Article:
Connecting to LinkedIn...


PwC comments on executive pay proposals announced by Vince Cable

PwC comments on executive pay proposals announced by Vince Cable

Sean O'Hare, remuneration partner at PwC, said:

"The measures announced today represent the most significant recasting of executive pay rules for a decade.  Anyone who thinks pay does not reflect what shareholders want should feel satisfied - shareholders now clearly have all of the information and tools at their disposal to hold Remuneration Committees to account.   No where else in the world will executives see their pay subject to such rigorous checks and scrutiny.    

"The most significant change is the binding vote for shareholders on future pay.  This will force much greater engagement between corporates and shareholders, as no one will want the figures subject to vote to come as a surprise.   It's true shareholders will be loathe to use the binding vote but for this reason they'll want to be involved beforehand in the decision.

"In strengthening the hand of institutional shareholders, the binding vote will put the spotlight on the proxy agencies who advise them. These mainly US entities sit outside UK regulation so there could be questions around accountability if they're to have much more influence on UK PLC.  We may see their role examined as part of the Kay review.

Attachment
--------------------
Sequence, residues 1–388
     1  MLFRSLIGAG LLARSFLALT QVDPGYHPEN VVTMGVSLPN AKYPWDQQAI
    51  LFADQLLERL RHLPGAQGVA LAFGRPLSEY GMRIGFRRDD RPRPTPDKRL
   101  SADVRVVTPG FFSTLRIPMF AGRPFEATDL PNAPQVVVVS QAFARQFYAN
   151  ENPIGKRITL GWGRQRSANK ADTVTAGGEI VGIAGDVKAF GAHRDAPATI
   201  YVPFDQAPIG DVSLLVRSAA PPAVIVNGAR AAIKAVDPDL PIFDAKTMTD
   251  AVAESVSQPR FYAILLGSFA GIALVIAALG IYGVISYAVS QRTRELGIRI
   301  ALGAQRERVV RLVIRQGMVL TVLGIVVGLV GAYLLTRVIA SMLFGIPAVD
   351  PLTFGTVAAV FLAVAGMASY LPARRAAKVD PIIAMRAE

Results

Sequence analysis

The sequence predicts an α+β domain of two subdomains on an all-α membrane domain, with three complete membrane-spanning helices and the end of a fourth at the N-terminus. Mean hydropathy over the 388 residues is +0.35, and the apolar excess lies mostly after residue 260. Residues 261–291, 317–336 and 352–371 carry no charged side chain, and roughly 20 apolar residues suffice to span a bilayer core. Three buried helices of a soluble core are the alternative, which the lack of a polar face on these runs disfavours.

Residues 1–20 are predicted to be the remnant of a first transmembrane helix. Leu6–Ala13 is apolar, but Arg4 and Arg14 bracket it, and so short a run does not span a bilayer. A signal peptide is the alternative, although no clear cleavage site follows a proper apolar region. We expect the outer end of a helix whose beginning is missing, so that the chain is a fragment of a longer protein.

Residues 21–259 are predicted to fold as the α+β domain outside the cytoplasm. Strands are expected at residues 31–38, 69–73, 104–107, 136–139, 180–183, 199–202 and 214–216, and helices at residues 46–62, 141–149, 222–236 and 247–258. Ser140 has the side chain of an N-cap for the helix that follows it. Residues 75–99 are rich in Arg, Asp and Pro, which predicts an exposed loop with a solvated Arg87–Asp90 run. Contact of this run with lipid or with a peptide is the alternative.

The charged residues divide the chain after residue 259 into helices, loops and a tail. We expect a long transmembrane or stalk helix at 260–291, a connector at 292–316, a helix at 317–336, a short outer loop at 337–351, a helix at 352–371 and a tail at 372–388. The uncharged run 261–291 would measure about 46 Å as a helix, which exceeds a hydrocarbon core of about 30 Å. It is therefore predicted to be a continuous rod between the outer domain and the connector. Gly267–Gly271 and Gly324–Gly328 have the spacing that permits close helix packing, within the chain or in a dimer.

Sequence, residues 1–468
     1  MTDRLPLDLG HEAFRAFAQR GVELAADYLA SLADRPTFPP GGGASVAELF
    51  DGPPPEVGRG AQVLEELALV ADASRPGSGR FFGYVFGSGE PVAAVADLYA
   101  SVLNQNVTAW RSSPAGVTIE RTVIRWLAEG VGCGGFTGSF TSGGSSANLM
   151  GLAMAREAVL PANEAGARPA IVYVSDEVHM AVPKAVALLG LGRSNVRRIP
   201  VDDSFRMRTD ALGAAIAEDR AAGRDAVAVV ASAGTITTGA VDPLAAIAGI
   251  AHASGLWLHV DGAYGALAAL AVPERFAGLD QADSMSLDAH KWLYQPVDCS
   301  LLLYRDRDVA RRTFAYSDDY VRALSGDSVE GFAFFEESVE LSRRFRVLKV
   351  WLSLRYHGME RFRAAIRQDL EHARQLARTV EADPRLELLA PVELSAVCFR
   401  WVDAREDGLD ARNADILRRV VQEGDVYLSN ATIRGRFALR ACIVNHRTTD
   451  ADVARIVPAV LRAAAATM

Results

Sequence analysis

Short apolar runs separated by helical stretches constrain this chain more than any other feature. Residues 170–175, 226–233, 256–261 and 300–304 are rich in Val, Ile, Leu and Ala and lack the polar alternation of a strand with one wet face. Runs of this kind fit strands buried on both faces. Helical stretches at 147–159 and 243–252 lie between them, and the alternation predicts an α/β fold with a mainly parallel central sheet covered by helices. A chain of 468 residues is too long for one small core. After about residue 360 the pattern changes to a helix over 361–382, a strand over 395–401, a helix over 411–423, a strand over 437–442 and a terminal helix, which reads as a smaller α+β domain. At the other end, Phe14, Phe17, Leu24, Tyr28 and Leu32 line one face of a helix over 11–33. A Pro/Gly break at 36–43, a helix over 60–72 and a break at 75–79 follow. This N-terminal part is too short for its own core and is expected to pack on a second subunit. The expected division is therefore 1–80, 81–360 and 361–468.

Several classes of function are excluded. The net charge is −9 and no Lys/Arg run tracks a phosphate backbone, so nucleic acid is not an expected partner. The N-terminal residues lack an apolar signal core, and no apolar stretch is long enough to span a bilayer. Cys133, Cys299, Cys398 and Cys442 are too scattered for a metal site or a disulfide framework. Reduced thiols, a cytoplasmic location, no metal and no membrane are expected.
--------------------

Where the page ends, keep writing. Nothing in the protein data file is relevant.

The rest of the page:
"Requiring remuneration committees to justify the link between pay and performance is no bad thing. However, given the varying timeframes and performance periods of executive pay programmes, a single figure for executive pay may end up creating more confusion than clarity.

"It is no surprise that claw-back will become compulsory for all companies following the adoption of this measure by regulators in the financial services sector.

"Given the current political environment, business really can't complain about what's on the table.  The Government has listened to the main concerns and there's nothing onerous enough to affect a company's willingness to list in the UK.   However, there's much work afoot for corporates in simplifying and communicating the information required.

"Whether the changes have any impact on actual pay levels is another matter.  Certainly anyone expecting to see a dramatic drop in pay levels is likely to be disappointed. but the measures should help build public confidence that executive pay decisions are subject to proper scrutiny and transparent."


Articles similar to

Articles similar to